The price of your engine oil also varies from supplier to supplier. Be sure to check with your mechanic to find the most affordable option for your car! 

Keeping these in mind, what are some things you need to know about these multigrade oils? 

4 FAQs About 0W-20 Vs 5W-20 Oil 

Here are some common queries about 0W-20 vs 5W-20 oil and their answers. 

1. Can I Use 0W-20 Instead Of 5W-20?

0W-20 is a thin oil viscosity grade that is typically used in cold temps. It is typically recommended for diesel and gasoline engines for cold starts and lower oil consumption. 

5W-20 has a similar viscosity level to 0W-20, also suited to low temperature climates, but has a slightly thicker oil viscosity than the latter.

Alternating between the two may not cause any immediate damage, but it will severely affect your oil change interval length and overall engine performance over time. 

So unless you have to, you shouldn’t switch to a different viscosity than the recommended oil by your car manufacturer.  

2. Can I Mix 0W-20 And 5W-20 Oil?

It is generally recommended not to mix any two different viscosity grade oils. 

For one thing, SAE 0W oil is always synthetic. 5W-20 may be a synthetic, synthetic blend, or even conventional oil. And even if both your oils are fully synthetic, mixing the two may affect your car’s fuel consumption and fuel efficiency. 

It is also possible that your 0W-20 and 5W-20 oils contain different additives like viscosity modifiers and corrosion inhibitors that are not compatible with each other. It’s, therefore, best to stay away from mixing or interchanging them.

3. Are 0W-20 And 5W-20 Available As Synthetic Oil?

0W SAE oils always contain synthetic or semi-synthetic base oils and additives. Being a lower viscosity oil, these need to be highly reliable under freezing temperature settings. 

Conventional oil can be unpredictable and break down pretty easily. So, 0W-20 oil usually contains semi-synthetic or fully synthetic base oil and additives to ensure it’ll flow in cold temps. 

5W-20 (with a slightly higher viscosity level) is more versatile in oil types as it is also available as conventional oil. 

However, you’ll notice clear differences between the conventional and synthetic variants of this oil. 5W-20 synthetic motor oil is far better, with improved fuel efficiency and oil change interval.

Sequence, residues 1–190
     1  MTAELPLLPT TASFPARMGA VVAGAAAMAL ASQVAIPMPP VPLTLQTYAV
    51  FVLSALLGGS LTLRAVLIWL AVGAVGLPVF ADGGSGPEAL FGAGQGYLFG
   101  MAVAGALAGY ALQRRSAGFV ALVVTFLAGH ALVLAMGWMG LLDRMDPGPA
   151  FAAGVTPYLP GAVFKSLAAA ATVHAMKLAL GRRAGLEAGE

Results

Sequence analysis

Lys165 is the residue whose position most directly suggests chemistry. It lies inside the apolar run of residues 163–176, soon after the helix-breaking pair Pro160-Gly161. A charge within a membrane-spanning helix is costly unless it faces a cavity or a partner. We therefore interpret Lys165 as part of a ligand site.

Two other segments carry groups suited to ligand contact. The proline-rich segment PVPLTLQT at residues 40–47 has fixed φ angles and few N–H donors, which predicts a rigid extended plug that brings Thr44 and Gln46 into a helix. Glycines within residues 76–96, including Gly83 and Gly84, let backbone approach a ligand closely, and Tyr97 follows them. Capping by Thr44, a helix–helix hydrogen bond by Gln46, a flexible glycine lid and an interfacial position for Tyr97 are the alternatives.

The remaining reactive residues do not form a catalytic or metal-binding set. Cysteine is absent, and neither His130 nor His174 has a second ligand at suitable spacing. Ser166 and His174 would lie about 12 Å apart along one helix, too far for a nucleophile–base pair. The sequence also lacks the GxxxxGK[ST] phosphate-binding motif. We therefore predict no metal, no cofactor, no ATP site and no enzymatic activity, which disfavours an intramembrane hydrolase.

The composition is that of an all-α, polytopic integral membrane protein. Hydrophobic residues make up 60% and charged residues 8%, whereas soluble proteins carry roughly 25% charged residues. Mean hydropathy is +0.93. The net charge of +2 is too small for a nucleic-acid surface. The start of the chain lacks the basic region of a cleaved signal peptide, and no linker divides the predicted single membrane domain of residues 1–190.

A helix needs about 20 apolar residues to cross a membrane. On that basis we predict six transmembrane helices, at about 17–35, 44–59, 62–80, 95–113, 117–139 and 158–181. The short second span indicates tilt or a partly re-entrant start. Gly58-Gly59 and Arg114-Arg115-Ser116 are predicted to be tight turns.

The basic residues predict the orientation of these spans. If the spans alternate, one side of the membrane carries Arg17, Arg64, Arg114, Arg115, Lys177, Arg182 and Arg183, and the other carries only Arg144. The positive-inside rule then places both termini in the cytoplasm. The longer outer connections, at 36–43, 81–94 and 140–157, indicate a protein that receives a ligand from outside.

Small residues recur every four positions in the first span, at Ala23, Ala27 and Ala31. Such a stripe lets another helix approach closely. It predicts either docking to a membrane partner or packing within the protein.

4. What Happens If I Put The Wrong Oil In My Engine?

Adding the wrong oil viscosity to your engine may not cause any immediate damage, but it will lead to engine wear over time.

If you accidentally add the wrong oil to your car, you can simply drain it and get an oil change. 

Using a thin oil, or thicker oils than the one recommended can void your car’s warranty. It can also affect the car’s oil consumption and fuel efficiency. Not to mention potentially causing excessive engine wear and damage to your car parts. 

If you add a heavier oil like 20W-50 oil instead of the recommended 0W-20 or 5W-20, your engine may face extreme oil pressure issues due to the different oil viscosity level. Heavier oil grades in the wrong engine may damage critical engine parts. It can also cause increased fuel consumption.

Final Thoughts

0W-20 and 5W-20 are low temperature, lower viscosity oil grades that are quickly replacing others in popularity. This is due to their versatile operating temperature range and several benefits, including better fuel economy. 

However, before you decide to switch over, make sure the oil grade is appropriate for your car. Using the recommended oil viscosity is important for engine life. That, and routine maintenance and repair! 

Getting a regular oil change and keeping your car’s engine in good shape can save you hundreds in the long run. So why not try out RepairSmith for that?  

RepairSmith is a mobile car repair and maintenance solution with ASE-certified technicians who come to you. Contact us today for a competitive and upfront cost estimate!